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Old Mar 30, 2004, 11:29 AM   #11
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NHL, nice picture! Any sharpening applied?
You can see the sharpening in the area of high contrast between orange/green... (I don't like the way PBase resize the pictures to their smaller sizes)
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Old Mar 30, 2004, 8:29 PM   #12
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Are you saying the F3.5 picture is also below expectations?
Nope, I'm just comparing the two available photos. I respect what NHL is saying about the DOF and I have experienced this myself with the 100mm F2. However, I can't see, personally, how this can apply to yours because I looked all over that first photo for some hint or semblance of focus anywhere and it just isn't there. It's like the photo was taken through some sort of softening filter in order to affect everything. I don't see any evidence of focus anywhere so I would agree with you that it may indeed be camera calibration that you need. I honestly, from what I've read, doubt that you have a faulty lens because that lens seems to be as good with quality control as it is with sharpness.
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Old Mar 31, 2004, 6:47 PM   #13
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Norm,

Thanks for the input! I don't believe its the camera, since the F3.5 picture is dead on. I had my whole setup calibrated by Canon a few months back, and they adjusted focus for both camera and lenses.

I think I'm going to talk to Canon and see if they are willing to look at the pictures first, then come up with a course of action.

Barthold
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Old Mar 31, 2004, 7:26 PM   #14
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Barthold

Just out of curiosity can you try again with the IS off and see if this makes a difference.
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Old Mar 31, 2004, 9:27 PM   #15
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NHL...

Nifty suggestion, I look forward to seeing the results if Barthold takes you up on that request.

Barthold...

Did you notice any improvement following your little calibration quest?
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Old Apr 1, 2004, 12:01 PM   #16
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NHL, interesting idea. I will try that!

Norm, yes calibration did help a bit. It wasn't terribly far out of whack, but I did have some front-focus issues which were annoying at F2.8.

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Old Apr 1, 2004, 1:17 PM   #17
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Barthold

It just dawned to me last night while reading a professional magazine regarding a new Nikkor lens, actually a true-zoom (the lens hold focus while zooming) AF-S 24-120mm with VR, unlike our EF28-135 IS, which the author said requires 1-2s after the shutter is pressed for the internal lens motor to spin-up before the image stabilizer is at its optimum... It's kind of jerking the viewfinder initially when first turn on.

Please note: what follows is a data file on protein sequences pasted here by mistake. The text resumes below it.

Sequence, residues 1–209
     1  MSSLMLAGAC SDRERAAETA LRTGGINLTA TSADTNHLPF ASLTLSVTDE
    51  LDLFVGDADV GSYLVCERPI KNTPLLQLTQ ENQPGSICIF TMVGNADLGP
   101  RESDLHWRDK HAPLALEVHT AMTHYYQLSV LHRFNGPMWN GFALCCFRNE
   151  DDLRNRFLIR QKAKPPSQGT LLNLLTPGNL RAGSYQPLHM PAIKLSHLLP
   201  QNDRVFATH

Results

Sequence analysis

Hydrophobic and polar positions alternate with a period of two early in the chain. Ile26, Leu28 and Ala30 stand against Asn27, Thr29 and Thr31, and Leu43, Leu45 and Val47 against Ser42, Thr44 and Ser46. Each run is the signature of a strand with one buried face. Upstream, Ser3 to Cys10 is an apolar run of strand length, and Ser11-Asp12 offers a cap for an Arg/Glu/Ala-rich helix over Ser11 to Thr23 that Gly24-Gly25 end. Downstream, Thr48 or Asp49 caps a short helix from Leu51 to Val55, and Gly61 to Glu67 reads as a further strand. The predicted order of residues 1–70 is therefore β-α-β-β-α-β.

Were you pressing the shutter immediately or wait for the AF confirmation? A 1/3 of a stop should not make that much of a difference especially for an 'L' lens... really fishy and almost unusable at f/2.8!
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Old Apr 1, 2004, 10:49 PM   #18
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NHL,

I don't remember specifically what I did with this shot. Normally I wait for AF confirmation before taking the shot. However, I have many other shots that are soft at F2.8, more soft at 200mm then 70mm. The IS on the 70-200 is a lot better than the 28-135, it doesn't take long to spin up at all.

But I will re-take the same chimney picture with IS off. Probably the weekend.

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Old Apr 2, 2004, 5:23 AM   #19
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Quote:
Originally Posted by barthold
Normally I wait for AF confirmation before taking the shot. However, I have many other shots that are soft at F2.8, more soft at 200mm then 70mm.
IMO this could be your problem: unless you are on Single Shot AF @ 200mm with the camera shake and the movement amplified, the camera's AF will turn into Servo AF (without the AF indicator lighting up): The focus may be hunting around in Servo AF mode without you knowing or hearing because of USM, and the shallow DOF just show it more than stop-down a little!

... Try a tripod even at 1/4000s just to remove all the unknown.
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Old Apr 5, 2004, 12:50 AM   #20
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NHL, I have the 10D, thus no secret AF switching is happening without my express consent :-)

I re-did the test. I'll post the shots tomorrow (its late now). But with and without IS, with and without tripod the F2.8 shots are about as good as the F3.5 shots. I don't know how to explain it, other than that I need to re-examine my handheld techniques.

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